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Fulton admits ‘meltdown’ over 2008 absentee ballots
Fulton County officials admit serious violations of election rules for mishandling thousands of absentee ballots in 2008, attorneys said today.
Hundreds of voters may have been disenfranchised because Fulton screwed up processing requests for mail-in ballots for the November election, state officials say. Investigators found that more than 4,000 absentee applications piled up in the last few days before the election, making it necessary for Fulton to use overnight delivery, costing $287,000, to get ballots to voters in time.
Details of Fulton County’s official response to the state investigation were unavailable today because the case remains active.
But Fulton County’s lawyer in the case, A. Lee Parks Jr., “essentially admitted” the violations in his 41-page response to the board, Stefan Ritter, a senior assistant attorney general, told the State Elections Board this morning.
“We’re not contesting violations” regarding the absentee ballots, Parks then told the board. Fulton County may disagree on the magnitude of the violations, he said, “but we’re not here to be combative about this issue.”
Moreover, local election officials acknowledge that Fulton’s handling of absentee ballots was “unacceptable, unsatisfactory and embarrassing,” said former Georgia appeals court judge Norman Underwood (right), who is monitoring Fulton’s election overhaul on the state’s behalf.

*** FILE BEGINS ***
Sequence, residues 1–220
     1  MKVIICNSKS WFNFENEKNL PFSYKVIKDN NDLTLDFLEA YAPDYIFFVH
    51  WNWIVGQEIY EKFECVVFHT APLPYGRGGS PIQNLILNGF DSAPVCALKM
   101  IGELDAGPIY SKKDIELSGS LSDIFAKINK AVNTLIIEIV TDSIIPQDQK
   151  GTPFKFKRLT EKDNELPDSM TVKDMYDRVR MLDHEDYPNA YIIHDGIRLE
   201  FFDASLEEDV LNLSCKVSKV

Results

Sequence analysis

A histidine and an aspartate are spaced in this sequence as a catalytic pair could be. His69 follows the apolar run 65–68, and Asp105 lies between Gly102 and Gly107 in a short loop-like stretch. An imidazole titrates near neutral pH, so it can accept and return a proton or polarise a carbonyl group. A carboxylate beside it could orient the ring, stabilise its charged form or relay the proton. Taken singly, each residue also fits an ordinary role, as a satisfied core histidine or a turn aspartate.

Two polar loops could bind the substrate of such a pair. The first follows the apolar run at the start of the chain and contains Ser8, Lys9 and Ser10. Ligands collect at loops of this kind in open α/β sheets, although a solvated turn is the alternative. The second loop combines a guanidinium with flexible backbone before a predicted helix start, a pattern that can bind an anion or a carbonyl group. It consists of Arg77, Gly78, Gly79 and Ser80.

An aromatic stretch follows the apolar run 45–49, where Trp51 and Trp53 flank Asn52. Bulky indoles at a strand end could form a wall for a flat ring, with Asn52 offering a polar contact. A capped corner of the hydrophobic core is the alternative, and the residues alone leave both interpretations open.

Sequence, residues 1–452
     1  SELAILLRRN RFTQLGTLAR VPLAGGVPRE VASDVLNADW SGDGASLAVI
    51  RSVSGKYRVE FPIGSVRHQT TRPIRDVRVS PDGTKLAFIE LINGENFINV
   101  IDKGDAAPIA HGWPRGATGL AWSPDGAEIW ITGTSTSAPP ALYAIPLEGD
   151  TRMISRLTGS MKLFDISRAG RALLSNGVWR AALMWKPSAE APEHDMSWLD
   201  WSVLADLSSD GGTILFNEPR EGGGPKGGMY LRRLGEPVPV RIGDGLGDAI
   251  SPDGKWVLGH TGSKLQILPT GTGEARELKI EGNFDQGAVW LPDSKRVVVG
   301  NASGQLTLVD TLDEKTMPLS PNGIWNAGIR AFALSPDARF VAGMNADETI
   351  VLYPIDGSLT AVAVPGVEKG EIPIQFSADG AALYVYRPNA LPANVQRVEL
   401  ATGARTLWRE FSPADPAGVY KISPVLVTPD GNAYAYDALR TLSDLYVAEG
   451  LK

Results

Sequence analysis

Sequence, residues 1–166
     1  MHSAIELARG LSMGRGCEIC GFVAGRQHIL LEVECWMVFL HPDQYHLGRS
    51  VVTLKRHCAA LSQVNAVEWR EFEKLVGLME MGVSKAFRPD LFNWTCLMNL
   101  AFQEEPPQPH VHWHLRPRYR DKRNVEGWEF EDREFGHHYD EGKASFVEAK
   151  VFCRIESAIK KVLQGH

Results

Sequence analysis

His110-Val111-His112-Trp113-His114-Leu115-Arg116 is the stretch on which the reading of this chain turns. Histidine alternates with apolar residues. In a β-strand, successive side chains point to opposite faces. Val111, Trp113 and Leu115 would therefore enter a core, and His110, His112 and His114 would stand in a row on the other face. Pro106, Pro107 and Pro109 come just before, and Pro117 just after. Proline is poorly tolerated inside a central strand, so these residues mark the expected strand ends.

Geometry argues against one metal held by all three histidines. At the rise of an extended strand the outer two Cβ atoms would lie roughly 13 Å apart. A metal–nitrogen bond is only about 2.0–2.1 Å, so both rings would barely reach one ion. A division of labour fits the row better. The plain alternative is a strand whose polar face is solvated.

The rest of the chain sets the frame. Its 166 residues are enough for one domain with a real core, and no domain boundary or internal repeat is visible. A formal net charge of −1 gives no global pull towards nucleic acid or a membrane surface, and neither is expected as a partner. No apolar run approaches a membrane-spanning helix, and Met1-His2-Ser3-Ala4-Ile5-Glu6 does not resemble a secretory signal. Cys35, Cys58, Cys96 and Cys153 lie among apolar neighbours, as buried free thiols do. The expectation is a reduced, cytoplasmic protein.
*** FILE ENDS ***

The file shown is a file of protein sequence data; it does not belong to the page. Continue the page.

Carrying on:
State investigators also found that Fulton elections workers failed to count absentee votes properly in the days after the election. Ballots were left out in the open and unsecured, procedures for verifying and duplicating ballots were not followed, and poll workers were allowed to come and go as they pleased while votes were being counted.
Overall, Fulton’s performance represented “a complete meltdown of potentially catastrophic proportions had we had close elections,” Elections Board member Randy Evans said.
Parks ticked off solutions that new Fulton Elections Manager Barry Garner hopes to launch in the next 60 days:
— An automated process for handling absentee ballots that “essentially removes human error from the process” (Pitney-Bowes will provide the system on a trial basis this November),
— Cross-training of other county employees who could be brought in to help in the last few weeks before an election,
— Personnel changes in key management positions in the elections office, and
— A mandatory review process that workers would have to pass “to justify continued employment.”
Fulton officials today asked for more time to make fixes before addressing the state investigation and possible penalties. But members of the State Elections Board directed lawyers to schedule a trial before an administrative law judge while trying to negotiate a settlement with Fulton.
“My general experience in life,” Evans said, “has been that things don’t really happen until you have a fixed deadline.”